Published date04 March 2023
Publication titleIrish Times (Dublin, Ireland)
The presentation featured a year of headlines from Gay Community News. "If you look through GCN over the last year," Rice says, "at least once a month there's an account of a horrific homophobic attack."

A number of recent attacks have not just had an impact on the individuals involved, but on the LGBTQ+ community more generally. In 2021, a man pleaded guilty at the Dublin Circuit Court to assault causing harm in a knife attack against a trans woman in Dublin city.

In April 2022, two murders in Sligo sent shock waves through the LGBTQ+ community when Aidan Moffitt and Michael Snee were killed, and another man, Anthony Burke, was stabbed in the face. A man in his 20s was arrested and charged with all three offences.

The same month, a gay man, Evan Somers, was attacked and assaulted on Dame Street in Dublin, sustaining multiple fractures to his ankle and eye socket. Somers was enjoying a night out in Ireland's biggest and most well-known LGBTQ+ venue, The George, before the attack.

In May 2022, a lesbian couple were attacked while waiting for a bus in Dublin. In August 2022, Mark Sheehan was also returning home from a night out in The George, when he was verbally abused with homophobic slurs and assaulted.

In November, a Dublin drag queen, Alexis McQueen, was attacked on Dame Street, hit with glass and sustained cuts to their head. Last month, David Babington, a gay man celebrating a friend's birthday in Cork city, was attacked and assaulted by another man shouting homophobic abuse.

On one level, these attacks feel at odds with a more inclusive tendency in Irish life. Ireland has one of the most progressive legislative contexts for LGBTQ+ rights in the world, and the evolution has been rapid.

For most of the 20th century, Irish society was a cold place for anyone who was different. Social norms, honed by the Catholic Church, demanded a strong adherence to "traditional" morality. Same-sex activity between men was decriminalised only in 1993, following a long legal campaign fought by Senator David Norris.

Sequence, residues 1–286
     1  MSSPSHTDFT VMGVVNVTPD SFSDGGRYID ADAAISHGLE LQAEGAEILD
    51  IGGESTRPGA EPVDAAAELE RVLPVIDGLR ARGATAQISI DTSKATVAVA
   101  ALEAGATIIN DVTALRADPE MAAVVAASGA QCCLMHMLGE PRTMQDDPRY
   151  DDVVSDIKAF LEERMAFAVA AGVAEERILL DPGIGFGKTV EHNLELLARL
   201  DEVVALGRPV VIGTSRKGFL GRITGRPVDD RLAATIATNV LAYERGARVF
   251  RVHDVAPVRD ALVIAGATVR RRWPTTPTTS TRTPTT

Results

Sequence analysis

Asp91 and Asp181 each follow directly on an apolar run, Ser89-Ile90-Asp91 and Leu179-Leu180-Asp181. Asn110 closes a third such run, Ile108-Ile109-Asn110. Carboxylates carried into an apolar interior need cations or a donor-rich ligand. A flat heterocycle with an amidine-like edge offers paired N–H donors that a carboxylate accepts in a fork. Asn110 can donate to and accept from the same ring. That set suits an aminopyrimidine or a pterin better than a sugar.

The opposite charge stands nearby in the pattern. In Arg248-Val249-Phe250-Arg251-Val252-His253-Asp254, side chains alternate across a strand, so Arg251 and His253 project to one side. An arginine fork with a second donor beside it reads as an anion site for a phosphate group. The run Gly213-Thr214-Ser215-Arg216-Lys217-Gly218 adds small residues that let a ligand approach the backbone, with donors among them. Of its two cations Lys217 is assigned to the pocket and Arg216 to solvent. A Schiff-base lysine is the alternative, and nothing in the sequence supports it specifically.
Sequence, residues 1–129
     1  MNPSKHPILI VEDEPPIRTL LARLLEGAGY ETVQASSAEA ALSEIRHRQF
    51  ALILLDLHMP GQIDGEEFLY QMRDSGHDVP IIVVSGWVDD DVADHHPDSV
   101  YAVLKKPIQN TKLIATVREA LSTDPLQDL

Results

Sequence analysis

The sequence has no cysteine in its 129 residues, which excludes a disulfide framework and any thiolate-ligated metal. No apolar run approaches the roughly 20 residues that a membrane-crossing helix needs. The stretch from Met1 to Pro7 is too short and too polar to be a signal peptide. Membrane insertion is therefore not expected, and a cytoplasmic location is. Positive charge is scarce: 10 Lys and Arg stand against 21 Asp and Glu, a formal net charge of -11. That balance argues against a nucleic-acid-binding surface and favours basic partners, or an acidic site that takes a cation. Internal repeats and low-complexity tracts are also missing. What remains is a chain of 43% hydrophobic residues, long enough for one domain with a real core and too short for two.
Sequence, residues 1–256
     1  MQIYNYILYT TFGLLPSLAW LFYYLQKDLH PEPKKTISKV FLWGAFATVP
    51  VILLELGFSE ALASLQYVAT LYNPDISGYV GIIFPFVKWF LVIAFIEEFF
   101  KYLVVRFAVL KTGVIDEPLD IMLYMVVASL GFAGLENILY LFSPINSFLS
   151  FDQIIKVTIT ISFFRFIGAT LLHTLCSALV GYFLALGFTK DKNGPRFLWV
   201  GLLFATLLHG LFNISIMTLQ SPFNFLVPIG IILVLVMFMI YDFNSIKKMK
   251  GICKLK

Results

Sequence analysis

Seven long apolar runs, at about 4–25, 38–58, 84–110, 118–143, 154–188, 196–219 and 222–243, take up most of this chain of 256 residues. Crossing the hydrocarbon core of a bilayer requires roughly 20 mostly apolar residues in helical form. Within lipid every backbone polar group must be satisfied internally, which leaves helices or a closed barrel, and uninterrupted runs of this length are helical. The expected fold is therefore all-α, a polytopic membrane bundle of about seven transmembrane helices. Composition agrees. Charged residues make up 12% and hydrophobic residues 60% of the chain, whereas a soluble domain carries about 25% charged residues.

In 2015, Ireland became the first country in the world to pass marriage equality by popular vote. It was carried by 62 per cent of the voting electorate, and the national conversation the marriage equality movement provoked also did a lot to neutralise societal homophobia.

That same year, following a 20-year battle by Dr Lydia Foy to have her gender recognised, the Gender Recognition Act was signed into law, allowing people to change their gender on government documents. Simultaneously, the visibility of LGBTQ+ people in Irish society has grown across politics, media, sport and the arts.

Welcoming attitudes

The progressive, welcoming attitudes of the majority of Irish people have not changed in recent years. But fundamental to the optimism after the 2015 marriage equality referendum was a newfound sense of safety. As the eighth anniversary of the referendum approaches, a number of factors - not least violent attacks - have contributed to a growing unease in the community around safety and hate speech. "Before I would have held my husband's hand walking around the streets," says Rice. "But now I wouldn't, or I'd look over my shoulder ... There's definitely been a change in the mood ... I'm part of an LGBT running club and we even had a chat last night about how we need to look out for each other and care for each other's safety when we're out and about ... We can't have that person walk alone."

Why is this happening? Since 2015, a global pattern has emerged in which long-fought-for LGBTQ+ rights and freedoms are being targeted. "Strongman" leaders in many countries have targeted the LGBTQ+ community with draconian legislation.

In Hungary, a law was passed making it illegal to provide information about LGBTQ+ issues to under-18s. In Russia, a similar law was passed banning...

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